The legal system and the economic system collided on Monday, June 25 in Arizona. The U.S. Supreme Court issued its decision on the constitutionality of the controversial law known as “papers please”. This nickname was perhaps inevitable when Governor Jan Brewer first unveiled the statute. The law requires law enforcement to request proof of legal immigration status based on a suspicion that a person is an illegal immigrant.
Lawsuits contesting the constitutionality of the law were filed practically before the ink was dry. As written it is an unspoken invitation not just to profile people based on outward appearances, but to use that profile in an abuse of power. The Arizona Governor is claiming victory because the state can continue to request proof of legal status to be in the U.S. The Obama Administration is claiming victory because the Court found the rest of the law unconstitutional. The police can stop a motorist and request papers verifying immigration status – but police may not use their authority for profiling, nor may they hold someone for an “unreasonable” amount of time while determining their status.
The free market may be the real decision maker here. People who depend on tourism for their livelihoods may wish the bill was just a bad dream. In the one year since the law passed Arizona has lost over $253 million just from tourism.
Companies that planned conferences in the state have pulled back some of their money also. Over $141 million worth of the stuff has disappeared. All those hotel room rentals, air fare fees, restaurant and shopping dollars gone. It’s not a fun time back at the office if the Chief Financial Officer or Salesperson of the Year misses the awards dinner while waiting for a fax of their birth certificate.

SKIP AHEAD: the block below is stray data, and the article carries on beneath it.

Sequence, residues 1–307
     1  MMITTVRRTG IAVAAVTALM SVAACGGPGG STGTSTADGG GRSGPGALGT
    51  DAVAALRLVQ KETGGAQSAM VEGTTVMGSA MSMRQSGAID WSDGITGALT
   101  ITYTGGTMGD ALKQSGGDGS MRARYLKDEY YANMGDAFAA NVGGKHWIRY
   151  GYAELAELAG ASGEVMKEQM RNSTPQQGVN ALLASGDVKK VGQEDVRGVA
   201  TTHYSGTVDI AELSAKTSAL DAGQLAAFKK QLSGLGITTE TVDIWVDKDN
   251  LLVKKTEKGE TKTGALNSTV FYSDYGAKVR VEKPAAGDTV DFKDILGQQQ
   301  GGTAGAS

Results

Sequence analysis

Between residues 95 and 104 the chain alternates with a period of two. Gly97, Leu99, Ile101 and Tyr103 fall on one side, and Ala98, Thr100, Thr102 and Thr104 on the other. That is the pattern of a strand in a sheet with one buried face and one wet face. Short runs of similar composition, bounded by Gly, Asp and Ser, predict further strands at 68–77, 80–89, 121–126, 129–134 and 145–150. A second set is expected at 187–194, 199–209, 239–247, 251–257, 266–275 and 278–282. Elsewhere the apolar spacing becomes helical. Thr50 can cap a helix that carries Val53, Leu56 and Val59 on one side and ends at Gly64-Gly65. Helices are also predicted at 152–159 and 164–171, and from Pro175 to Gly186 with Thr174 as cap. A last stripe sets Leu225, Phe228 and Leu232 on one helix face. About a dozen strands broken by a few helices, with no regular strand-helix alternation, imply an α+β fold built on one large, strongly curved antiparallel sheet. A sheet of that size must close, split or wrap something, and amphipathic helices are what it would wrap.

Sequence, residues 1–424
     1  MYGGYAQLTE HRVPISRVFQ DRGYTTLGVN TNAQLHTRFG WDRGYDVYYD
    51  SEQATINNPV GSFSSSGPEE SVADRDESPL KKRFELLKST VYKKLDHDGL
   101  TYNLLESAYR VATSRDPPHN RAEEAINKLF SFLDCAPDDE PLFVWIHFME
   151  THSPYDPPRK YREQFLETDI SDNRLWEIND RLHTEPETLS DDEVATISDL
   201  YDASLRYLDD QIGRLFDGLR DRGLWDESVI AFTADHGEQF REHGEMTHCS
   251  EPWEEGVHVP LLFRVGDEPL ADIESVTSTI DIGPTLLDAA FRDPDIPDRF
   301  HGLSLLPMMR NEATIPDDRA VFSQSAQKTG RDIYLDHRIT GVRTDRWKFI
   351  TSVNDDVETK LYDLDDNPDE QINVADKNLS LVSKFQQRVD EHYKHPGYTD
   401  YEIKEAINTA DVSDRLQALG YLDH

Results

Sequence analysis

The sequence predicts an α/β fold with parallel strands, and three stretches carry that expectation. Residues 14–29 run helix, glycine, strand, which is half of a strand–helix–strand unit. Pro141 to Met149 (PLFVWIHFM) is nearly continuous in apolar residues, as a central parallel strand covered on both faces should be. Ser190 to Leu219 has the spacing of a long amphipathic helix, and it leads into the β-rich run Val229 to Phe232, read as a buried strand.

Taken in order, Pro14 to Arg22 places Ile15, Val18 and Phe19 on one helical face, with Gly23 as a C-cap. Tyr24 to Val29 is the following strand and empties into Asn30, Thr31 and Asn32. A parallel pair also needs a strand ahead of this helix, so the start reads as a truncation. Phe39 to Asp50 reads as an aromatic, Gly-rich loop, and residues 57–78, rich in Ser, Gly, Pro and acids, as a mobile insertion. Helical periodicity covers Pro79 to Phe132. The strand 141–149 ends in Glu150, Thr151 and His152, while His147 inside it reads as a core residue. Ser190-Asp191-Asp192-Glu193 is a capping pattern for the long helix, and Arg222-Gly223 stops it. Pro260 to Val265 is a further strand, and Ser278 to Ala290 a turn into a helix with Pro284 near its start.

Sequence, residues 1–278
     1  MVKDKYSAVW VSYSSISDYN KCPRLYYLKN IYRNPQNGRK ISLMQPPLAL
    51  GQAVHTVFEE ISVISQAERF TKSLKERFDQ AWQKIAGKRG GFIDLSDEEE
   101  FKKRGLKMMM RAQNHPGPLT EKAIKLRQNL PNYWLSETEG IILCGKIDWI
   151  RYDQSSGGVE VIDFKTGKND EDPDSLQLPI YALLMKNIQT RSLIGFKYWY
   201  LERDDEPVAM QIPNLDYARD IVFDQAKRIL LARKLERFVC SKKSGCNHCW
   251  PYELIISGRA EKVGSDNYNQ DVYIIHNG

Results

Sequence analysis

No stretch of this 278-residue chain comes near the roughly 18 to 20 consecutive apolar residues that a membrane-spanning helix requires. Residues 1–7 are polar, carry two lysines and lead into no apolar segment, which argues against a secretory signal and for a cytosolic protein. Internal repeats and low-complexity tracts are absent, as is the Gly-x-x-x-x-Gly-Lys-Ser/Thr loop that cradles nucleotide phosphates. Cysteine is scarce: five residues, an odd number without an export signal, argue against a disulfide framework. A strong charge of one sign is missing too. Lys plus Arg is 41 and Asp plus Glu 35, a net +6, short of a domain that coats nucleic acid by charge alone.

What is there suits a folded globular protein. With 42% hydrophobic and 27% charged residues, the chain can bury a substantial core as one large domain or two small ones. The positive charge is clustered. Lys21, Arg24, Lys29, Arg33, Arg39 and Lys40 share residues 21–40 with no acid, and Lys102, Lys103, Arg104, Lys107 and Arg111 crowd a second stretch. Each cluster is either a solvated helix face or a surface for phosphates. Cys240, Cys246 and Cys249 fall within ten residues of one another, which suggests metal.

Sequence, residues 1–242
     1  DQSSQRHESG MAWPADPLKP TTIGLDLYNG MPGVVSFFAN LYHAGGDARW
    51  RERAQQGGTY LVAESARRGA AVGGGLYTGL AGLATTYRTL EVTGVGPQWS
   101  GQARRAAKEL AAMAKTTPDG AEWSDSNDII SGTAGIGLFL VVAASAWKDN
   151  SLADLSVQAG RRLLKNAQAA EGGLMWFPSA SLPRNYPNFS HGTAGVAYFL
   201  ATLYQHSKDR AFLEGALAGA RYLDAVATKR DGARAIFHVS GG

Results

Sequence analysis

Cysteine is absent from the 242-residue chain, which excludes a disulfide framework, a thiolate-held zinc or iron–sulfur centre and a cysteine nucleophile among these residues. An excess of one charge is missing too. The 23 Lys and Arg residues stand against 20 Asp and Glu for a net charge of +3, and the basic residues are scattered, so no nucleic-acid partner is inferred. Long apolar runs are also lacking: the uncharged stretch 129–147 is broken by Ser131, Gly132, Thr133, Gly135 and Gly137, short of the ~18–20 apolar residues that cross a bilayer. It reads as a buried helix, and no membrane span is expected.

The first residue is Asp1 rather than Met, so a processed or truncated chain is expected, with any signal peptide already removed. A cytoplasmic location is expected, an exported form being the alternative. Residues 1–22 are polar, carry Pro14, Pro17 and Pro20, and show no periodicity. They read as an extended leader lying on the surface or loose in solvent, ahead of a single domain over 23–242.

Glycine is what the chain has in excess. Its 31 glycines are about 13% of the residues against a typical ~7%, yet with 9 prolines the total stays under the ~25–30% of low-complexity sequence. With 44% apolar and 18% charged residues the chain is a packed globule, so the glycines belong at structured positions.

The estimated loss of anywhere from $9 million in tax revenue (some estimates are as high as $23 million) will hurt when it comes time for the State to pay for highway patrol expenses. How will the state even try to measure what it costs citizens and businesses that are victims of crimes committed while the police are tied up waiting for papers for a person detained for jaywalking.
Other states are feeling the heat of similar restrictions. Georgia law has not even taken effect and an estimated 30% of immigrants have fled the state. They may not have enough workers to harvest thousands of acres of tomatoes. Florida farmers are predicting they will lose $1 billion in unharvested crops. Not only will they lose their income, consumers will pay a lot more for what does get harvested. Supply and demand in effect.
A critical flaw in all these efforts is the underlying assumption that an immigrant is automatically illegal. We have people who arrived as immigrants and are now U.S. citizens. We have people who are here with student visas and work visas. Business leaders loudly lament government regulation and red tape. They report it increases costs and reduces productivity. Just imagine how they feel about SB 1070, and its new layer of paperwork (pun intended).
The Court’s ruling may have only deepened the divide between political expediency and economic reality. Just because a person can prove he or she is in the U.S. legally doesn’t mean they will like having to carry that proof with them. They certainly won’t like knowing they could be stopped at any time, then detained for some undetermined amount of time. It’s not just inconvenient. It’s humiliating.
In her zeal to demonstrate just how anti-immigrant she can be, Brewer may be proving how anti-business she can be. Businesses that need chemical engineers or mechanics, hospitals that need nurses or technicians and entrepreneurs who need computer networks and support all may come looking for you. Not to see your papers…but to fill the jobs that will help them thrive.